rebels sat down at the same time and in the same room with our own men. What could they wish more? And if there was any complaint at all it ought to come from us, that they received too much and are entirely too well treated. Full diet: Breakfast-bread, 8 ounces; butter, 1 ounce; Indian meal, boiled, 2 ounces; molasses, 0. 32 of a gill. Dinner-beef soup and vegetables, 1 pint; meat, 10 ounces; sweet potatoes, 7 ounces; bread, 4 ounces. Supper-coffee, 1 pint; bread, 5 ounces; cheese, 2 ounces; butter, 1 ounces. The diet is changed every day, when they also receive cabbage, tomatoes, macaroni, and on Sunday have both Irish and sweet potatoes, puddings, &c. The bread ration was formerly six ounces, but the doctor has cut it down one ounce breakfast and supper and two ounces dinner. Bath, laundry, and engine rooms complete and in good order. The linen-room and liqueurs are in the executive building and under the charge of Sisters of Charity; well supplied with everything. In the afternoon visited the smallpox hospital, and is about a quarter of a mile north of the encampment, among the pine bushes, under the charge of Dr. W. Broadbent, acting assistant surgeon. This hospital was opened two weeks ago, and up to-day have received therein 133 patients, during which time thirty-three deaths have occurred. The sick are in wedge tents, three to a tent, lying on straw on the ground, with a blanket and a half to a man. Their ration is the same, and bean soup is given every day; to those not allowed it, coffee in its stead. The men are much more comfortable here than in the encampment, and those who are in attendance do not want to go back. I should also state they occasionally get soft bread. No complaints at all; were getting as long as well as they could expect. Medicines very short; no cathartics at all. In connection with the smallpox the majority have scurvy and scabies, and some are in a horrid condition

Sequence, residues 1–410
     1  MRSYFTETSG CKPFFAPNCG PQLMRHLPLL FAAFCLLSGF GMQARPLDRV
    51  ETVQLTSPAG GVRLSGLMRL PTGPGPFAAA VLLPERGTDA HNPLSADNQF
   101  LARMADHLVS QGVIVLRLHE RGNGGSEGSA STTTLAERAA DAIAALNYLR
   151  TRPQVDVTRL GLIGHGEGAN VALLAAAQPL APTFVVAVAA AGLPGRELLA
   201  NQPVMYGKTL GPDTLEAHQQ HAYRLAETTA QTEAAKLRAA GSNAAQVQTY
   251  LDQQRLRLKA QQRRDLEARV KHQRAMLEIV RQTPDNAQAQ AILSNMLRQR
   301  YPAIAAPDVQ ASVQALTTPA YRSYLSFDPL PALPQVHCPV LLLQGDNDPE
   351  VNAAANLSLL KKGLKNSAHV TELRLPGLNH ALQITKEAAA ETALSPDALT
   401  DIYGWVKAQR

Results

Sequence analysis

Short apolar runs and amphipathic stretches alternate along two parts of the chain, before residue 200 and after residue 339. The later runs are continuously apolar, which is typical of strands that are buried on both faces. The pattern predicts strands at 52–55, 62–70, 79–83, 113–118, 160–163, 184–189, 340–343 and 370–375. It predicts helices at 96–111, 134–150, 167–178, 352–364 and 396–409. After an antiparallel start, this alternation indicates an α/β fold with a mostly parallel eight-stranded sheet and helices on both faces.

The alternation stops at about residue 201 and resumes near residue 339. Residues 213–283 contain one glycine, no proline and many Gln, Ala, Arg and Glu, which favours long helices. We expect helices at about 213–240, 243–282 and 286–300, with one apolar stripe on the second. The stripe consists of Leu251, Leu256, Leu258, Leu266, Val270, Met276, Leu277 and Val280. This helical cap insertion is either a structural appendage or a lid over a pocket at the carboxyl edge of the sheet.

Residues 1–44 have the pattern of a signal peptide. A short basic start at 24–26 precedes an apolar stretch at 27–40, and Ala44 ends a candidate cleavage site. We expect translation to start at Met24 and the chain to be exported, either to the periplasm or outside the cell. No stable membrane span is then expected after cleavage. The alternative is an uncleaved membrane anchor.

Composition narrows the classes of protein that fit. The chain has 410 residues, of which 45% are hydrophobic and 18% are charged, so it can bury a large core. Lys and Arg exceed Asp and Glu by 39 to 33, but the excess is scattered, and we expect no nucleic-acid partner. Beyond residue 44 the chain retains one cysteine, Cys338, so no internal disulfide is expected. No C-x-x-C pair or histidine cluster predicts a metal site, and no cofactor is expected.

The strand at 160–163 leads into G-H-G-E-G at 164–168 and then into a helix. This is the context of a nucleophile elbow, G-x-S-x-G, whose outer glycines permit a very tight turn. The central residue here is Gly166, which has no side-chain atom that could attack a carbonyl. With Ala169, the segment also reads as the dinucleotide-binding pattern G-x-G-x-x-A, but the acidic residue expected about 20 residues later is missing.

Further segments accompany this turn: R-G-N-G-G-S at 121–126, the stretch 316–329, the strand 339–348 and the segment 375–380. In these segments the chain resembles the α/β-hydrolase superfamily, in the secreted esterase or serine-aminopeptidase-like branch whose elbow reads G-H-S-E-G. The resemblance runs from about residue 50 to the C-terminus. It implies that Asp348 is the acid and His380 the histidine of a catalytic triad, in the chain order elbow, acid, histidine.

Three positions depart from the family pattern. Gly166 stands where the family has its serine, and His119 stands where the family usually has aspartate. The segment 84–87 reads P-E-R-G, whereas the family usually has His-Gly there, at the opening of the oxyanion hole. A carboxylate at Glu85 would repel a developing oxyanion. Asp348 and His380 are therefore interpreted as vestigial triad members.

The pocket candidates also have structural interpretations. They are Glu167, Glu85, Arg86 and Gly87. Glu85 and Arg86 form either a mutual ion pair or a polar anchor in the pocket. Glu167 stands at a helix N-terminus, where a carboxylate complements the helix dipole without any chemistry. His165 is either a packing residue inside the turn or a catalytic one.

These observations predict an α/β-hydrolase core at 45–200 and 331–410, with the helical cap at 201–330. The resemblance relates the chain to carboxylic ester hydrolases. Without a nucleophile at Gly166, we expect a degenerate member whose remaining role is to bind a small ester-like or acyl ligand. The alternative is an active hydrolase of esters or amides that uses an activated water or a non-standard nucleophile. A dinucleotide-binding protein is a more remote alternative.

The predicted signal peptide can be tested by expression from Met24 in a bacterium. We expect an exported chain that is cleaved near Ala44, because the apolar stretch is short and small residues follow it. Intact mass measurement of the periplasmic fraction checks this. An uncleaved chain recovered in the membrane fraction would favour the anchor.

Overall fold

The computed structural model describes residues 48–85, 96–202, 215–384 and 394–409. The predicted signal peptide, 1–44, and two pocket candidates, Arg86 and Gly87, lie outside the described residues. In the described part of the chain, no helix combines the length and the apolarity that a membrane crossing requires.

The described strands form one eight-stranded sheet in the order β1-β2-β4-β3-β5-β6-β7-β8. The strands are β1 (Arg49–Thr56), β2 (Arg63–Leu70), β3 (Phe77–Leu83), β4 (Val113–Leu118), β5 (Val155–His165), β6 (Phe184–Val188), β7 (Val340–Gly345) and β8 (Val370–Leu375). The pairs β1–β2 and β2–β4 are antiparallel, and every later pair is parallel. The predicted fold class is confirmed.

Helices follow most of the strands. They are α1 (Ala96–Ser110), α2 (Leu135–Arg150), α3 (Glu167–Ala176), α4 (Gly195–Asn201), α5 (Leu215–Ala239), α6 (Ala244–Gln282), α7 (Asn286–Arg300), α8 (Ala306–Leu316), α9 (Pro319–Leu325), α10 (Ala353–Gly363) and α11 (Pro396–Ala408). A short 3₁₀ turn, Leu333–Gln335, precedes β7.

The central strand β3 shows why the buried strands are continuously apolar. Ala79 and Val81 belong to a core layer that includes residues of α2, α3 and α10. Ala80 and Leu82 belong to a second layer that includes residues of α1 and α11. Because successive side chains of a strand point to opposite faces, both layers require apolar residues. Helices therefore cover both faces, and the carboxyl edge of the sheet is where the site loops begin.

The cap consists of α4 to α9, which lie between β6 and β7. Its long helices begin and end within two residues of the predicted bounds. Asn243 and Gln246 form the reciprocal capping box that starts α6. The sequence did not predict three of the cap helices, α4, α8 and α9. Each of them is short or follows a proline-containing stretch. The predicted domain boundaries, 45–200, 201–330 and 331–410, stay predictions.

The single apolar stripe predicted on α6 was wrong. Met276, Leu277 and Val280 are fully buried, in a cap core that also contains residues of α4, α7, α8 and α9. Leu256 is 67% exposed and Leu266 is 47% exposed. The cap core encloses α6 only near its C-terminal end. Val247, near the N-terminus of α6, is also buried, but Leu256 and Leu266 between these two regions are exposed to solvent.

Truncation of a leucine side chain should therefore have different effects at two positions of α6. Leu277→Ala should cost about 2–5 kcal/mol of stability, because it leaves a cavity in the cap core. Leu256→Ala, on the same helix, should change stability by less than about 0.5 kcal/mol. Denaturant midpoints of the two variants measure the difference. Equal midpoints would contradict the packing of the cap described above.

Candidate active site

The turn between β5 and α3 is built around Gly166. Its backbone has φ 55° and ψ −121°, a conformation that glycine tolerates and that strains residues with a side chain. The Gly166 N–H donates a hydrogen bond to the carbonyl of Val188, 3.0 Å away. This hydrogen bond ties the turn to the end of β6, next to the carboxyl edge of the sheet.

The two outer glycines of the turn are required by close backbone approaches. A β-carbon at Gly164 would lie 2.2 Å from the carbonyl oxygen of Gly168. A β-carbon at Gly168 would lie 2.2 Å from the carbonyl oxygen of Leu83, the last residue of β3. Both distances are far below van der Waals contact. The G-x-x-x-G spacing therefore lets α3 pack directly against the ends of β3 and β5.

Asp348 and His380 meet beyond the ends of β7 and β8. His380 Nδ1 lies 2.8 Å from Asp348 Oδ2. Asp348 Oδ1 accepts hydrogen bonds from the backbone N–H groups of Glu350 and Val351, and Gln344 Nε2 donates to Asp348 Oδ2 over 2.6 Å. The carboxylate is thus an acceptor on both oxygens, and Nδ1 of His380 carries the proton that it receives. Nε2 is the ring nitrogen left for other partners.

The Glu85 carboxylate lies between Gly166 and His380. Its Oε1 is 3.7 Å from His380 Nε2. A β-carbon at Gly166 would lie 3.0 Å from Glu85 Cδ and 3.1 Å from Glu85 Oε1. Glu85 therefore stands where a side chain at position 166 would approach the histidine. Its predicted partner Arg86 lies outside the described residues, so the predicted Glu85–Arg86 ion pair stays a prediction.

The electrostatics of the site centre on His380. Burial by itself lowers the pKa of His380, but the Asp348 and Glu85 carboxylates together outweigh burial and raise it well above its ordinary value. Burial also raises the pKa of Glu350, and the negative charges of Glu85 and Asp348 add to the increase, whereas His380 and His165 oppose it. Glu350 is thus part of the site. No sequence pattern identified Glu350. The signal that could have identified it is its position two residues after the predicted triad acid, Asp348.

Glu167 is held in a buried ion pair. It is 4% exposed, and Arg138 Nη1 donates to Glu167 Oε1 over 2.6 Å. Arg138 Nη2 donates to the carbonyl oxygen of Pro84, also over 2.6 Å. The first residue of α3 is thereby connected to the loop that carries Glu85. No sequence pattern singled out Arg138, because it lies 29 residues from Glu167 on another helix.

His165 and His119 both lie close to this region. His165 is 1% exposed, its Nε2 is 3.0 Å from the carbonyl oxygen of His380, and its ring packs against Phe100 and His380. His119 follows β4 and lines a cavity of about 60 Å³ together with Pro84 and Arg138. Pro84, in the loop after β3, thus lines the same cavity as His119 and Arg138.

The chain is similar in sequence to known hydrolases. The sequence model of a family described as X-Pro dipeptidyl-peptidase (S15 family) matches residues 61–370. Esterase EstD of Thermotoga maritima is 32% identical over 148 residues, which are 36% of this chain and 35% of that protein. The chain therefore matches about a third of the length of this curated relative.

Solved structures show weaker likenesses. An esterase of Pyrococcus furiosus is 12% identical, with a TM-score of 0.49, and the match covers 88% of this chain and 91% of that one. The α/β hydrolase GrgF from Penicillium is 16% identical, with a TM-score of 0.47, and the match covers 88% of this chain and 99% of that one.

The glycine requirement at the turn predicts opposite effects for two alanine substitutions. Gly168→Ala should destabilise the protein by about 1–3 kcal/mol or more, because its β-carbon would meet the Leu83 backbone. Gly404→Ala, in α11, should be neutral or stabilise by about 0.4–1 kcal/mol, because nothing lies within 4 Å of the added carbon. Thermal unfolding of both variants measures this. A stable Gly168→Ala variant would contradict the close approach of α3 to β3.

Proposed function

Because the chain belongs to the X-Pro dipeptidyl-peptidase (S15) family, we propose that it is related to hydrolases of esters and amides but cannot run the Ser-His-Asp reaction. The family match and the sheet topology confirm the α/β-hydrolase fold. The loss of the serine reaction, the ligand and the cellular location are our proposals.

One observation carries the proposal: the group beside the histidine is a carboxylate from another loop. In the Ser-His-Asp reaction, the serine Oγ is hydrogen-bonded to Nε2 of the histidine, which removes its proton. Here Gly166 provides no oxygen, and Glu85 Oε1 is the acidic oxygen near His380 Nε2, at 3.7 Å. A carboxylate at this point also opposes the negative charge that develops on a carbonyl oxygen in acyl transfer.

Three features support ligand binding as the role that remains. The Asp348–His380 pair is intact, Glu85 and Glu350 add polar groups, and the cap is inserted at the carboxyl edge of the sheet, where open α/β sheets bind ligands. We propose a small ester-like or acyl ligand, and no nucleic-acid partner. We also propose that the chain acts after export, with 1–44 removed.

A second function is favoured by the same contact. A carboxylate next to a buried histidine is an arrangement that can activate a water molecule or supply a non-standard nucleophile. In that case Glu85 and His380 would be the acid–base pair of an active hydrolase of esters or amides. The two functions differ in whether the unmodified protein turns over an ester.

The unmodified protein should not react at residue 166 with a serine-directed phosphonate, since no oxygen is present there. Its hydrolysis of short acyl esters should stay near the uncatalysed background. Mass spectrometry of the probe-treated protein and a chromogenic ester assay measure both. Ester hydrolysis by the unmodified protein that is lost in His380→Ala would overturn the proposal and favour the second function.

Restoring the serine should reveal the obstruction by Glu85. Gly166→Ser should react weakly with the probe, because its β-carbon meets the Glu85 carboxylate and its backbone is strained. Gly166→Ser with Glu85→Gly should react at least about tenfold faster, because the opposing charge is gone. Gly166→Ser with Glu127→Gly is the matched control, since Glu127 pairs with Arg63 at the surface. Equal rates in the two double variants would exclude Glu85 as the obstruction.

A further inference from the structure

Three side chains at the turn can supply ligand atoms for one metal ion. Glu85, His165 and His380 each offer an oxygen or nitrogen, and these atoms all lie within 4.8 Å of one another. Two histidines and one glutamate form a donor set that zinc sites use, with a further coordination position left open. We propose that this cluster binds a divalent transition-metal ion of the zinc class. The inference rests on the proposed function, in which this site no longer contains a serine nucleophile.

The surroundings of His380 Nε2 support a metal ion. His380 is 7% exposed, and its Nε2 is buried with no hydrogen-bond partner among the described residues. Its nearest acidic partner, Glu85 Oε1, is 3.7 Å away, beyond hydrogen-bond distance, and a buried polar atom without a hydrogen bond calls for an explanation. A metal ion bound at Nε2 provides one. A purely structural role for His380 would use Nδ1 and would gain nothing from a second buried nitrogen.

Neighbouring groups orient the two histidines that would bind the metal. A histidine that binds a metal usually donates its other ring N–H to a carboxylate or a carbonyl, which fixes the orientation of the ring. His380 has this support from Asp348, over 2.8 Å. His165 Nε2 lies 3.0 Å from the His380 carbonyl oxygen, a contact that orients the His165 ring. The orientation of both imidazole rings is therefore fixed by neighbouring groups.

In the remarks that I have made concerning the prisoners it is evident that with the facilities they now possess they could be made 10 pe cent more comfortable if they had some one to command them. That they are suffering from want of clothing and covering is true. Of their treatment they do not complain; their ration they do not deem quite sufficient; but of their filthy condition and habits more is attributable to their indolence and laziness, and they have the facilities at their disposal to correct this and they ought to be made to do it. Point Lookout and the surrounding country is called the District of Saint Mary's, and under the command of Brigadier General Gilman Marston. The troops are composed of the Second and Twelfth New Hampshire Volunteers, and a company each from the Second and Fifth U. S. Cavalry, comprising in all about 700 men. Infantry doing guard duty; the cavalry scouting.
Very respectfully, your obedient servant,
W. F. SWALM,
OFFICE COMMISSARY-GENERAL OF PRISONERS,
Washington, D. C., November 26, 1863.
Surg. A. M. CLARK,
Actg. Med. Insp. of Prisoners of War, Washington, D. C.:
SIR: You will proceed immediately to Fortress Monroe, Va., with a view to consult with Brigadier General S. A. Meredith, commissioner for the exchange of prisoners, in relation to making suitable provision on the flag-of-truce boat for the reception of sick Federal prisoners of war who may be delivered from time to time at City Point. Sufficient bedding